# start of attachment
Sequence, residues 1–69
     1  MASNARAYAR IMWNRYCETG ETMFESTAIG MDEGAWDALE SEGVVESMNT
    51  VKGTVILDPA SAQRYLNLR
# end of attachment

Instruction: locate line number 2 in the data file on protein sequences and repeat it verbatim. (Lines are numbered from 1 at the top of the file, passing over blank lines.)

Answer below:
     1  MASNARAYAR IMWNRYCETG ETMFESTAIG MDEGAWDALE SEGVVESMNT